History has long pitted Persian and Greek societies as moral opposites—the former, a culture of hedonists, and the latter defined by no-frills self discipline. A new exhibition titled “Luxury and Power: Persia to Greece,” on view at the British Museum through August 13, reexamines that stale, Orientalist worldview. Instead, it illustrates how sensuous aesthetics permeated Persian culture, then went on to fascinate Hellenistic craftspeople and consumers alike, especially once Alexander the Great conquered the Achaemenid empire after a 10 year invasion starting in 334 B.C.E.
Look around—you’ll find those tensions between decrying and coveting opulence persist today. Indeed, other writers have questioned the British Museum’s hosting of this exhibition while conflicts over the Parthenon Marbles and the institution’s colonialist origins persist.
Exploring the symbolic power of luxury itself through the lens of this particular origin story, the compact exhibition arranges 500 years’ worth of artifacts from the museum’s own collection alongside superstar loans like the Panagyurishte treasure from Bulgaria. Objects like iridescent drinking vessels join jewelry, reconstructed costumes, authentic tomb reliefs, and more in an appropriately dramatic setting, filled with columns and billowing fabric. If you can’t see “Luxury and Power” in person, we bring you five highlights to savor here.
Greek Sphinx vessel, dated about 470–450 B.C.E.
Some reviews have questioned how successfully “Luxury and Power” synthesizes cultures across its chronological format, but this standing sphinx vessel is a strong example to the museum’s point, turning a form of sculptural collage into functional design. And while there’s no actual spirits on offer in the galleries, wine proves to be a prolific status symbol across the show, omnipresent through the vast variety of drinking vessels like amphoras and kylixes on view, many in the shape of animals like boars and lions as well as mythical beasts. Early depictions of the lion-eagle-woman hybrid date back to Egypt’s fourth-century Great Sphinx of Giza, but another, of course, famously appears in Sophocles’s Oedipus Rex.
Gold oak wreath, likely from the Dardanelles region of Turkey, dated 350-300 B.C.E.
This gem, from the museum’s collection, balances precious metal with delicate natural motifs. Circlets like these were found at burials and temple dedications, the museum’s site says, and were offered as prizes in various competition. This specimen features 15 acorns, two cicadas, and a bee—if you can find them nestled among the oak leave. Bees and acorns are straightforward emblems of abundance, but cicadas send many contemporary folks screaming like the bugs themselves. Since ancient times, across cultures, they also connote the endless organic life cycle of decay and renewal.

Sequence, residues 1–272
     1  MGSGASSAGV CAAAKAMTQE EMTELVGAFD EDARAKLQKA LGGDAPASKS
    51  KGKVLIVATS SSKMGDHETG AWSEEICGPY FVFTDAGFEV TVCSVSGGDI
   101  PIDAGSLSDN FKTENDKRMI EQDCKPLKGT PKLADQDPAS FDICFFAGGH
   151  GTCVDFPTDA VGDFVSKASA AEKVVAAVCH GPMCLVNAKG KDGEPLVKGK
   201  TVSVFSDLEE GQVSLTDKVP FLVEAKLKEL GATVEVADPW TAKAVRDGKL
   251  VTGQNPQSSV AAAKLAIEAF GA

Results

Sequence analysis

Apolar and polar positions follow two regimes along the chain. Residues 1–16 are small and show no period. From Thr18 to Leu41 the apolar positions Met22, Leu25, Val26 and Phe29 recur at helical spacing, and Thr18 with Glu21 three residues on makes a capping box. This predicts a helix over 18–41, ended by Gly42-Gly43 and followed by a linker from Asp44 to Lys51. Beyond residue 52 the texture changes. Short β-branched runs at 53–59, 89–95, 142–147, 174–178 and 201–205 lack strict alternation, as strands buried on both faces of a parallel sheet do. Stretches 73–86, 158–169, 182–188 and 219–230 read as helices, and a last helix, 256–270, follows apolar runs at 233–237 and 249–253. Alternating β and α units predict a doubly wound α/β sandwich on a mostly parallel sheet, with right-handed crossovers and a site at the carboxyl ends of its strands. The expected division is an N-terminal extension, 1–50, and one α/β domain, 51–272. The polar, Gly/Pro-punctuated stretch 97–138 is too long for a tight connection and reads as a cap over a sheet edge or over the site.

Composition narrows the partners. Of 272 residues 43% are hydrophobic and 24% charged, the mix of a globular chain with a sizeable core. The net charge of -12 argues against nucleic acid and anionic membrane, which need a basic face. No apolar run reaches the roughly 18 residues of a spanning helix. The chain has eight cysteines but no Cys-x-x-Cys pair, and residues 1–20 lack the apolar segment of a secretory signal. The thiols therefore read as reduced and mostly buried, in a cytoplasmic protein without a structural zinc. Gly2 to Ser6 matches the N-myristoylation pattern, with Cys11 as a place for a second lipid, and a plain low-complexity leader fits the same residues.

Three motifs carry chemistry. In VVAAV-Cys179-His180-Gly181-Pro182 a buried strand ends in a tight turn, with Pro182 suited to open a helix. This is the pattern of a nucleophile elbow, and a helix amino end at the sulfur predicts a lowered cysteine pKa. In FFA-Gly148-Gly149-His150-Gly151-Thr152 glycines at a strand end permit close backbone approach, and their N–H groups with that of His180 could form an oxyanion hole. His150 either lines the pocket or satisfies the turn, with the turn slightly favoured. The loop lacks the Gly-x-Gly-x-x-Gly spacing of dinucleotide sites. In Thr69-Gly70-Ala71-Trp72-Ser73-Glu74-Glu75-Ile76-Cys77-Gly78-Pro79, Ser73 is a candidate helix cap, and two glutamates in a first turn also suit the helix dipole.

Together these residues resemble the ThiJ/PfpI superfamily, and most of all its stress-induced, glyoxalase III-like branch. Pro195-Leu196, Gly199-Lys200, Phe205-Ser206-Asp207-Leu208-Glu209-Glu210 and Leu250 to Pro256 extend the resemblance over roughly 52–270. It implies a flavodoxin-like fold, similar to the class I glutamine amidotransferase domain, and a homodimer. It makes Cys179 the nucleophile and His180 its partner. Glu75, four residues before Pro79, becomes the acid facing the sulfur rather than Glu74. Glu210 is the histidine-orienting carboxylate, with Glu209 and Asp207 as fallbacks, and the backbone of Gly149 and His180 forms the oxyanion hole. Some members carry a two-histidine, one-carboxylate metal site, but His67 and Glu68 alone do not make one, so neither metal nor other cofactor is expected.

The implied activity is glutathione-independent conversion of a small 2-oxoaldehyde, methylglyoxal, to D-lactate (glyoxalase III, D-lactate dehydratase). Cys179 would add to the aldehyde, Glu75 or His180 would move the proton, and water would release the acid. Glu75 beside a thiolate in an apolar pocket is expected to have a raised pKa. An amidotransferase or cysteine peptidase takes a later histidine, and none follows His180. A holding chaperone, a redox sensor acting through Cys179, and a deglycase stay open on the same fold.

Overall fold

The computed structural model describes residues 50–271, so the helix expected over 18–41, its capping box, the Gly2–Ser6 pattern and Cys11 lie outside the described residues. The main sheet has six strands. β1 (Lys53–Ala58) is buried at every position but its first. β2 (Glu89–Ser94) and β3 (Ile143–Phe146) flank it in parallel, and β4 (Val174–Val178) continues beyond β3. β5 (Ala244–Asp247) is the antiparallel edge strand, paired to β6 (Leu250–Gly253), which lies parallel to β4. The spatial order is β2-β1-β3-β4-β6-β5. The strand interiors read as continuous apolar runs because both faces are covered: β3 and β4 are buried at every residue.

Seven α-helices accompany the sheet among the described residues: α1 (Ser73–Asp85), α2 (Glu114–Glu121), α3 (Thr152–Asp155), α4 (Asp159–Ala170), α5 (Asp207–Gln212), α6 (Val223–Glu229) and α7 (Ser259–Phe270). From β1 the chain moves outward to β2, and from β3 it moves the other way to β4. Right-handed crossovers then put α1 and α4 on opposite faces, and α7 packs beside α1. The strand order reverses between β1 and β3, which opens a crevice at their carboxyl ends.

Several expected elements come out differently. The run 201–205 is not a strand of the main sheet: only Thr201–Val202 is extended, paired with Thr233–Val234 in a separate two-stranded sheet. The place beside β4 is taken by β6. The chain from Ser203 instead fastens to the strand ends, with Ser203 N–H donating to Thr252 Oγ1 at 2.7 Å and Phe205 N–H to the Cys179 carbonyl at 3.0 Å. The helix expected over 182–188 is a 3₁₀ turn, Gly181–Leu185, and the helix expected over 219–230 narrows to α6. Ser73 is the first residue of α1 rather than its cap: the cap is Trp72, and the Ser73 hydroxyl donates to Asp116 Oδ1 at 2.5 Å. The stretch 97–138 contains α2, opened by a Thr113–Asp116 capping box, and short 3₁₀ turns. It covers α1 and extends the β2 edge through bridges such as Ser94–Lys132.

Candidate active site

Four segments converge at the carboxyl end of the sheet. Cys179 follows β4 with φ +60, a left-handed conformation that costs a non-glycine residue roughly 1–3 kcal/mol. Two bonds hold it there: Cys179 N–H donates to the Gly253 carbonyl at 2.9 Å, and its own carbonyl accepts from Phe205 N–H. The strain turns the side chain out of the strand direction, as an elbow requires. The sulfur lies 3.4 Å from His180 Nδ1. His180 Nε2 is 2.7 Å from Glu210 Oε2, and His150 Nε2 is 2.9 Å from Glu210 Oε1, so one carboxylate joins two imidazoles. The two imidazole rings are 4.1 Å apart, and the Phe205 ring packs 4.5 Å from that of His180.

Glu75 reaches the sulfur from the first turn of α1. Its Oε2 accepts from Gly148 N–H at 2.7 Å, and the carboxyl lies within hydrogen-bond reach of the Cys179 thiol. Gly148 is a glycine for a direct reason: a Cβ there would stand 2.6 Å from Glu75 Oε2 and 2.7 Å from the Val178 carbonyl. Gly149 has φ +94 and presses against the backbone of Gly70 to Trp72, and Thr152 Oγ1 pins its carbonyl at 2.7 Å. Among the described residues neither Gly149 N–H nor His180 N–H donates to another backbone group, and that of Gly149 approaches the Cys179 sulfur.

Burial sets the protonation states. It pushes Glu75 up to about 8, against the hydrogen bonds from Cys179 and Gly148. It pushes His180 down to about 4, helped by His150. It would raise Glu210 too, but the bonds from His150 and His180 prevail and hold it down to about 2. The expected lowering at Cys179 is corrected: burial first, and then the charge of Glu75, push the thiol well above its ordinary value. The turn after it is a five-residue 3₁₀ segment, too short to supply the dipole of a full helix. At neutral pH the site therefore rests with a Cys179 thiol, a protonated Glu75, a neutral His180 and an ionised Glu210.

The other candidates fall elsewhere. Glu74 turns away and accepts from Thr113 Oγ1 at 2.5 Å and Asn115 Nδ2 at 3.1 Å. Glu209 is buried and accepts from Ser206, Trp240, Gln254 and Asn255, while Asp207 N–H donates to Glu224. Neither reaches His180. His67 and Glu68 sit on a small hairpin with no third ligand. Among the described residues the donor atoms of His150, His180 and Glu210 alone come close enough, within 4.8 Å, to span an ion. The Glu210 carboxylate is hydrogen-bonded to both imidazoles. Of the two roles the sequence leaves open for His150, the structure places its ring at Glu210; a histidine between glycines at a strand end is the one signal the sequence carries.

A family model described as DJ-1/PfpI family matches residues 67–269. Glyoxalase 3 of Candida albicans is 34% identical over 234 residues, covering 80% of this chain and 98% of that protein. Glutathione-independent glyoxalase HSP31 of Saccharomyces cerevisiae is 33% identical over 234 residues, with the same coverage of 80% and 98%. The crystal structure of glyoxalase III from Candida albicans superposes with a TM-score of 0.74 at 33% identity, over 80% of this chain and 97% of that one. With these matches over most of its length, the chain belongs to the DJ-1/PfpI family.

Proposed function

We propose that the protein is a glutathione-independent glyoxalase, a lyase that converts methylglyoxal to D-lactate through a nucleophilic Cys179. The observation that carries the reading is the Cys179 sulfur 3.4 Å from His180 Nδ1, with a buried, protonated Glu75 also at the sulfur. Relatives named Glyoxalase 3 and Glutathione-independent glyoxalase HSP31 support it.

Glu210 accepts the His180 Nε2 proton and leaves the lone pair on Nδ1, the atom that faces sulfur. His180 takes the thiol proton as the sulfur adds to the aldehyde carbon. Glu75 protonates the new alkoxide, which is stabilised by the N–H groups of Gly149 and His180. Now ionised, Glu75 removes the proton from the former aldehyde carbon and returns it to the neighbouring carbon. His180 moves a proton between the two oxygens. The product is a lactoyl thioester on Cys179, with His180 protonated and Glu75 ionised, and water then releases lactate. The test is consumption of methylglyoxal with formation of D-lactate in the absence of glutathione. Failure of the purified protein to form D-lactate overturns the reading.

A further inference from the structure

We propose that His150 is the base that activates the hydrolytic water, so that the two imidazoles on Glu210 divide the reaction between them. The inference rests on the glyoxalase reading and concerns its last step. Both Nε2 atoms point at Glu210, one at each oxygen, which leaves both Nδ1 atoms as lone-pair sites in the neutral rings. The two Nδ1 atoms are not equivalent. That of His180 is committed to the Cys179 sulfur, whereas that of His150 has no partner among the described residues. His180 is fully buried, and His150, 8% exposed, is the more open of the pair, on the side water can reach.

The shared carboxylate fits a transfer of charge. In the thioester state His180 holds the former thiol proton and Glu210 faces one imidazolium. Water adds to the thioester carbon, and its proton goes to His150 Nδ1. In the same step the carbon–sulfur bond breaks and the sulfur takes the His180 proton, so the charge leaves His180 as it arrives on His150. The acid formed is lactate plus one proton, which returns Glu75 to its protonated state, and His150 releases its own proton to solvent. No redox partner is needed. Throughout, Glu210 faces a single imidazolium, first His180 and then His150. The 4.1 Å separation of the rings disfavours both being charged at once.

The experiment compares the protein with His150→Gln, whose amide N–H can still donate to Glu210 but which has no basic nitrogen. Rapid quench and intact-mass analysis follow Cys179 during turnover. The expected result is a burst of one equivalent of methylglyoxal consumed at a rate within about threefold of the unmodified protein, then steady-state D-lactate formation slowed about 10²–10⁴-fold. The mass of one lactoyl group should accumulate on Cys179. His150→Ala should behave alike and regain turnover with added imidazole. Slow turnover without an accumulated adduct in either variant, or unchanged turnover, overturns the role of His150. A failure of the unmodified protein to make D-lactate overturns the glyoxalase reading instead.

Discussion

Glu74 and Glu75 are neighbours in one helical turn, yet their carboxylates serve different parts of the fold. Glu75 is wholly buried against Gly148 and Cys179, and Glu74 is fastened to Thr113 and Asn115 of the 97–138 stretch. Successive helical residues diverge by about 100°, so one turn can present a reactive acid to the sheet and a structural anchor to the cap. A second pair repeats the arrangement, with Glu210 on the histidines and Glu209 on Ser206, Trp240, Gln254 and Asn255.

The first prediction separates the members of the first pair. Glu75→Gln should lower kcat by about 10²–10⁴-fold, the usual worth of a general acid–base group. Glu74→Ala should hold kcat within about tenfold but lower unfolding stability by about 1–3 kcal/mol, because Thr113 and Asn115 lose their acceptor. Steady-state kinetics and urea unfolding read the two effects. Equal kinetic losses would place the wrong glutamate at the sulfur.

Recent recreation of Persian riding dress from 500 B.C.E. (seen right)
Contemporary sights still stun in this show, including this recreation of a Persian riding dress. Unlike England, the Achaemenid empire never had an outright crown—instead, an article by the museum explains, initiates donned an ornate costume with fur and meticulous embroidery much like this one and completed a ritual that incorporated elements of hazing. Rulers were forced to drink sour milk and more to humbly remind them of their common, nomadic, tribal beginnings.
Wine vessel from the Panagyurishte treasure, dated about 300 B.C.E.
Three brothers harvesting clay to make bricks unwittingly stumbled upon buried treasure, or so goes the story of the Panagyurishte Treasure, unearthed in 1949. The nine-piece set spans eight rhyta wine-pouring vessels and one bowl for drinking, altogether amounting to over 13 pounds of shaped and sculpted gold that demonstrates both Greek and Persian influence. On loan from Bulgaria, where the brothers first discovered it, “Luxury and Power” marks the Panagyurishte Treasure’s first time on view in the U.K. since 1976—a “once in a lifetime opportunity,” per the museum. This piece, the bowl of the set, features an Escher-esque ring of faces, mouths all agape, that become a ring of acorns at the center.
Gilt silver rhyton, Turkey, dated 5th century B.C.E.
This gem from the museum’s collection would have been used to pour wine into a different version of the drinking bowl above. A horned griffin—half lion, half eagle—protrudes from its front for extra flourish. In a video on Aeon, the British Museum’s curator James Fraser emphasized the extraordinary detail on this critter, from the ridges of its horn and splay of its claws to the fluffy texture on its feathers—although some of these details were touched up by museum conservators. While Fraser repeatedly noted the object’s “supreme luxury,” crowned by celebratory botanicals on its lip, the object we see today is missing the original jewel from its pendant and the gold foil that would’ve made up its mane, making it even more luxe.
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